All About Marble Countertops & Sealing
I’ve always loved white marble countertops they are bright, elegant, add character. They can also be one of the cheapest stone solutions if you choose Carrara marble, making them a great choice if you’re on a budget. However, many people are afraid of them due to the perception that they are high maintenance. This reputation is only partially deserved, and I want to share with you all the knowledge I’ve gathered over the years so that you will feel much more confident of going this direction if it appeals to you.
It’s good to know what marble is in order to understand how it behaves. It’s a metamorphic stone, which is formed when sediment crystallizes under great heat or pressure to form hard rock. Marble is not the hardest of these stones, however, making it porous and therefore susceptible to staining. Marble is also formed out of calcium carbonate, giving it a chemical structure that reacts easily with acids and leads to etching on the surface. Due to all this, marble requires some maintenance to keep it pristine.
There are two main types of finish you can get, but I would recommend a “honed” finish as it is the easiest wearing.
- Honed Finish– Created by sanding the surface so that it has a soft, matte finish, honed marble won’t show scratches as much, shows the stone off as a little less bright and is more susceptible to staining as the pores are open. Sealing is, therefore the solution.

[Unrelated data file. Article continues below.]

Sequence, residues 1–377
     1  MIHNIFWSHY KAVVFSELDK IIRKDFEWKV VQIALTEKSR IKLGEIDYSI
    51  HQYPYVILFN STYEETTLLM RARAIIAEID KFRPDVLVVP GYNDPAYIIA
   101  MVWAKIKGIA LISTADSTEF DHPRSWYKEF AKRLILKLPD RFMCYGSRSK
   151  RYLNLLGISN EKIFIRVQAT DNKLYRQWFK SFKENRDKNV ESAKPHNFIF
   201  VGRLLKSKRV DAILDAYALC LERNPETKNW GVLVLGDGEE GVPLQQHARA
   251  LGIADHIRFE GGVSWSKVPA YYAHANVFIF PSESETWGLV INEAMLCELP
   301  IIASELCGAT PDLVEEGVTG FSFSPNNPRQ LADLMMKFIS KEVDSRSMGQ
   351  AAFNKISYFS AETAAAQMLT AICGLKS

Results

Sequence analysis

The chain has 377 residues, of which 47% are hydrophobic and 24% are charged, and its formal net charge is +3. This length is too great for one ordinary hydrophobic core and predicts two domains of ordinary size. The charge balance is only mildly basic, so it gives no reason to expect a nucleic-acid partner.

- Polished Finish– Polished to a shiny exterior, this finish won’t stain as easily but it can scratch and etch. Polished surfaces are shiny and bright, but they will be worn down in time. If you prefer the worn look, go right for honed and skip the polished.
Does Marble Countertops Need To Be Sealed?
Yes. Because unpolished or honed marble has open pores, it is important to seal it if you want to limit stains over time. This can be done professionally at the beginning and then as a DIY in an ongoing fashion. While many people have commented that they have never felt the need to do this, it’s not hard.
How to seal it:
- Spray the counter with a marble cleaner and buff dry with a soft cloth. This will remove any impurities from the surface of the marble that may interfere with the sealing process.
- Pour some marble sealer into an open-mouthed container large enough to dip your paintbrush into. Turn on a fan or open a window while you do this; marble sealers frequently have high amounts of VOCs and can smell overwhelming.3
- Dip the foam paintbrush into the sealer and paint it onto the counter with slightly overlapping strokes. Make sure to get all areas of the marble, including the edge, area around the sink and the backsplash. Let the sealer sit undisturbed for 10 minutes.
- Buff away the excess sealer with a clean, dry cloth. Use a circular motion and keep rubbing the marble until it is dry and not tacky to the touch. Excess sealer could mar the finish of the stone, so keep buffing until it is completely removed.